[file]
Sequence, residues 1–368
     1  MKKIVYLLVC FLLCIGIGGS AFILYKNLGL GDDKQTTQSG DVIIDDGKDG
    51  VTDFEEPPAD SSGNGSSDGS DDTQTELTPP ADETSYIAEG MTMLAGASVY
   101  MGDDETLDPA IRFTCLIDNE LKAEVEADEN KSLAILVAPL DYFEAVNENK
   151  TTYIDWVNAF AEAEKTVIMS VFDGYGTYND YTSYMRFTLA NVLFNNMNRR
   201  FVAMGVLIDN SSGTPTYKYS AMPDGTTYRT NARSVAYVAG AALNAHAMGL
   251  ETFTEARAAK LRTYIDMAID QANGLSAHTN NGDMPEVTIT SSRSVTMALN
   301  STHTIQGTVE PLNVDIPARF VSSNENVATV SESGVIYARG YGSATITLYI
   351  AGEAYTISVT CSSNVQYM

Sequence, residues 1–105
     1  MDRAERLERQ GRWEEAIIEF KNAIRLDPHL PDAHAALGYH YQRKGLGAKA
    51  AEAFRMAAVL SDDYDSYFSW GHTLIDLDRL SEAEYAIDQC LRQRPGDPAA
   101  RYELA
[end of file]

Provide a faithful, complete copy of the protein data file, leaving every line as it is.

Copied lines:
Sequence, residues 1–368
     1  MKKIVYLLVC FLLCIGIGGS AFILYKNLGL GDDKQTTQSG DVIIDDGKDG
    51  VTDFEEPPAD SSGNGSSDGS DDTQTELTPP ADETSYIAEG MTMLAGASVY
   101  MGDDETLDPA IRFTCLIDNE LKAEVEADEN KSLAILVAPL DYFEAVNENK
   151  TTYIDWVNAF AEAEKTVIMS VFDGYGTYND YTSYMRFTLA NVLFNNMNRR
   201  FVAMGVLIDN SSGTPTYKYS AMPDGTTYRT NARSVAYVAG AALNAHAMGL
   251  ETFTEARAAK LRTYIDMAID QANGLSAHTN NGDMPEVTIT SSRSVTMALN
   301  STHTIQGTVE PLNVDIPARF VSSNENVATV SESGVIYARG YGSATITLYI
   351  AGEAYTISVT CSSNVQYM

Sequence, residues 1–105
     1  MDRAERLERQ GRWEEAIIEF KNAIRLDPHL PDAHAALGYH YQRKGLGAKA
    51  AEAFRMAAVL SDDYDSYFSW GHTLIDLDRL SEAEYAIDQC LRQRPGDPAA
   101  RYELA